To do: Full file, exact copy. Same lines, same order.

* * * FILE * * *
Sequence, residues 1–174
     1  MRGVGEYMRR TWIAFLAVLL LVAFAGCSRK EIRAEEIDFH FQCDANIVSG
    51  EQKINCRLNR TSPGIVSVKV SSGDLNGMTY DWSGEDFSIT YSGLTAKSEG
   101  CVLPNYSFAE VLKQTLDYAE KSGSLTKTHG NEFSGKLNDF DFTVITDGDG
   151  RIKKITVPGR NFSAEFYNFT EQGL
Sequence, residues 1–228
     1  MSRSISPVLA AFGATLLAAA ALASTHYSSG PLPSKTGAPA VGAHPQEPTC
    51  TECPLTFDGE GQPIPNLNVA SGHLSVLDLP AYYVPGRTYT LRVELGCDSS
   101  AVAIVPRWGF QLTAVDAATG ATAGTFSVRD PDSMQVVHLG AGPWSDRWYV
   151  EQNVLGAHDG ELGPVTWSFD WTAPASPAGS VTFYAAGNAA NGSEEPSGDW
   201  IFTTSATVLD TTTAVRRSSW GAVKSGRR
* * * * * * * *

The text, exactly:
Sequence, residues 1–174
     1  MRGVGEYMRR TWIAFLAVLL LVAFAGCSRK EIRAEEIDFH FQCDANIVSG
    51  EQKINCRLNR TSPGIVSVKV SSGDLNGMTY DWSGEDFSIT YSGLTAKSEG
   101  CVLPNYSFAE VLKQTLDYAE KSGSLTKTHG NEFSGKLNDF DFTVITDGDG
   151  RIKKITVPGR NFSAEFYNFT EQGL
Sequence, residues 1–228
     1  MSRSISPVLA AFGATLLAAA ALASTHYSSG PLPSKTGAPA VGAHPQEPTC
    51  TECPLTFDGE GQPIPNLNVA SGHLSVLDLP AYYVPGRTYT LRVELGCDSS
   101  AVAIVPRWGF QLTAVDAATG ATAGTFSVRD PDSMQVVHLG AGPWSDRWYV
   151  EQNVLGAHDG ELGPVTWSFD WTAPASPAGS VTFYAAGNAA NGSEEPSGDW
   201  IFTTSATVLD TTTAVRRSSW GAVKSGRR